If you develop ovarian hyperstimulation syndrome, you'll probably be able to continue your day-to-day routine. Follow your doctor's advice, which may include these recommendations:
- Try an over-the-counter painkiller such as acetaminophen (Tylenol, others) for abdominal discomfort, but avoid ibuprofen (Advil, Motrin IB, others) or naproxen sodium (Aleve, others), as these drugs can interfere with implantation of the newly fertilized egg.
- Avoid sexual intercourse, as it may be painful and can cause a cyst in your ovary to rupture.
- Maintain a light physical activity level, avoiding strenuous or high-impact activities.
- Weigh yourself on the same scale and measure around your abdomen each day, reporting unusual increases to your doctor.
- Call your doctor if your signs and symptoms get worse.
To decrease your chances of developing ovarian hyperstimulation syndrome, you'll need an individualized plan for your fertility medications. Expect your doctor to carefully monitor each treatment cycle, including frequent ultrasounds to check the development of follicles and blood tests to check your hormone levels.
Strategies to help prevent OHSS include:
- Adjusting or changing medication. Your doctor uses the lowest possible dose of gonadotropins to achieve the goals of stimulating your ovaries and triggering ovulation. Giving women who have polycystic ovary syndrome the drug metformin (Glucophage, Glumetza, others) during ovarian stimulation may help prevent hyperstimulation.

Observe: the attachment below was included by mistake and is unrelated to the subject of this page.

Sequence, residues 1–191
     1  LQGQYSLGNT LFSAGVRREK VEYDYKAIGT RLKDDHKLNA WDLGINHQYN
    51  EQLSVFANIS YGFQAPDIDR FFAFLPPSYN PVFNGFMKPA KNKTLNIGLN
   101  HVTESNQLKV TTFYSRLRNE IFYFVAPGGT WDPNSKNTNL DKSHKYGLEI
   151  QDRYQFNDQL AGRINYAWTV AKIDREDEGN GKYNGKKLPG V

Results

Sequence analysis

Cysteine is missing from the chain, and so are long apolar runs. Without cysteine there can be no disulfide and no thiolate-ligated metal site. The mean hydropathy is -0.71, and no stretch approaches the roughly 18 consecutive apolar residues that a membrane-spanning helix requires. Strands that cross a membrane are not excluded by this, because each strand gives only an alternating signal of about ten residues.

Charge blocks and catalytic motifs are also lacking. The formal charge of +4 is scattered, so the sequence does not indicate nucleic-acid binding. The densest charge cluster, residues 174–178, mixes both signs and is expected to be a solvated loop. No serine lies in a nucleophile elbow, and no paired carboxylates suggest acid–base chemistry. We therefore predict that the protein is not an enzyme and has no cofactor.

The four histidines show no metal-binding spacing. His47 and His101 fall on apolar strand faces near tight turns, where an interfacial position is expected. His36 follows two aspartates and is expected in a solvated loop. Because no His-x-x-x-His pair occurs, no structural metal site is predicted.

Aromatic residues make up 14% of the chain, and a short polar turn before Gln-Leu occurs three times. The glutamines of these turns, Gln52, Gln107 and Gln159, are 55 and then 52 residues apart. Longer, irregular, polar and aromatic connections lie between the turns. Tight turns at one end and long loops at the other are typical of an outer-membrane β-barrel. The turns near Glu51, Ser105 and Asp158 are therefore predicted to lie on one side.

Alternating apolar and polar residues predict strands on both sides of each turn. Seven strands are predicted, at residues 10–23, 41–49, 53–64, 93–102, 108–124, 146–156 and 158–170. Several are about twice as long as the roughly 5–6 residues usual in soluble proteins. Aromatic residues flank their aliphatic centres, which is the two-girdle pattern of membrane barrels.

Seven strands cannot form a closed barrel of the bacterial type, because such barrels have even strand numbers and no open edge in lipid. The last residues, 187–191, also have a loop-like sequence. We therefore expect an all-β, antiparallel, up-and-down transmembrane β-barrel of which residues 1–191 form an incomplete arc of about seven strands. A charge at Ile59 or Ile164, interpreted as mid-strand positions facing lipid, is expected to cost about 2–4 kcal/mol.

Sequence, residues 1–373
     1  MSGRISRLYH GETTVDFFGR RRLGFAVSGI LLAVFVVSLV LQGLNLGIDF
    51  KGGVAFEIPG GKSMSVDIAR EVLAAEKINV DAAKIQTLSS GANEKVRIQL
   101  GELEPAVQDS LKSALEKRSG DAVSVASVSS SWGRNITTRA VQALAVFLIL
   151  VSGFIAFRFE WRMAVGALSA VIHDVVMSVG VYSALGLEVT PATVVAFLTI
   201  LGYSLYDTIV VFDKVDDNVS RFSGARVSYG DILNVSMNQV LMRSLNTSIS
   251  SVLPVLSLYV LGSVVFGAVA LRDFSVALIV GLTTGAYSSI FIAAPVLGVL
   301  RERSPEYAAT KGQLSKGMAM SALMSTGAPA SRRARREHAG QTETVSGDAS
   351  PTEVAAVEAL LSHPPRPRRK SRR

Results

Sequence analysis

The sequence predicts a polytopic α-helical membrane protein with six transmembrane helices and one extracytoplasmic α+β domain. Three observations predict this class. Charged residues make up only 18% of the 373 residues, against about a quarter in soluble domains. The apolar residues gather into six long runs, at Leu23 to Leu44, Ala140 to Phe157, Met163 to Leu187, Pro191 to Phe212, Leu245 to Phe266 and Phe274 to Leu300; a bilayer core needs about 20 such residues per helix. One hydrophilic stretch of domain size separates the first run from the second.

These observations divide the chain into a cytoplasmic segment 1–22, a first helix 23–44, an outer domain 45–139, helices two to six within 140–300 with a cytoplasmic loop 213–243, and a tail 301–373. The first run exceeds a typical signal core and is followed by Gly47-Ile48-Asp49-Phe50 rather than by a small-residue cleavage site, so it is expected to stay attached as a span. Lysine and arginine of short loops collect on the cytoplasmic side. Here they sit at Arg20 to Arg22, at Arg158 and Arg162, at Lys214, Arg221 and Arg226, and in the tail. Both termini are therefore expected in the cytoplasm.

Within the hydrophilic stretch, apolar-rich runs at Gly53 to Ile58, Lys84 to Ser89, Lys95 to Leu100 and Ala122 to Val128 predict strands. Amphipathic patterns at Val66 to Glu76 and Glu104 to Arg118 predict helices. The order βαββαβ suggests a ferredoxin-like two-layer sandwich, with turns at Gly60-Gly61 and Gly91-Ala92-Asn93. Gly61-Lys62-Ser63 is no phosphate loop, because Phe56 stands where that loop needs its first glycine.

- Coasting. If your estrogen level is high or you have a large number of developed follicles, your doctor may have you stop injectable medications and wait a few days before giving HCG, which triggers ovulation. This is known as coasting.
- Avoiding use of an HCG trigger shot. Because OHSS often develops after an HCG trigger shot is given, alternatives to HCG for triggering have been developed using Gn-RH agonists, such as leuprolide (Lupron), as a way to prevent or limit OHSS.
- Freezing embryos. If you're undergoing IVF, all the follicles (mature and immature) may be removed from your ovaries to reduce the chance of OHSS. Mature follicles are fertilized and frozen, and your ovaries are allowed to rest. You can resume the IVF process at a later date, when your body is ready.
Aug. 03, 2017
- Ovarian hyperstimulation syndrome. American Society for Reproductive Medicine. https://www.asrm.org/FACTSHEET_Ovarian_Hyperstimulation_Syndrome/. Accessed Aug. 29, 2016.
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- Busso CE, et al. Pathogenesis, clinical manifestations, and diagnosis of ovarian hyperstimulation syndrome. http://www.uptodate.com/home. Accessed Aug. 29, 2016.
- Hoffman BL, et al. Treatment of the infertile couple. In: Williams Gynecology. 2nd ed. New York, N.Y.: The McGraw-Hill Companies; 2012. http://accessmedicine.com. Accessed Aug. 29, 2016.
- Kwik M, et al. Pathophysiology, treatment and prevention of ovarian hyperstimulation syndrome. Current Opinion in Obstetrics and Gynecology. 2016;28:236.
- Busso CE, et al. Management of ovarian hyperstimulation syndrome. http://www.uptodate.com/home. Accessed Aug. 29, 2016.
- D'Angelo A, et al. Coasting (withholding gonadotrophins) for preventing ovarian hyperstimulation syndrome. Cochrane Database of Systematic Reviews. http://onlinelibrary.wiley.com/doi/10.1002/14651858.CD002811.pub3/full. Accessed Aug. 29, 2016.
Ovarian hyperstimulation syndrome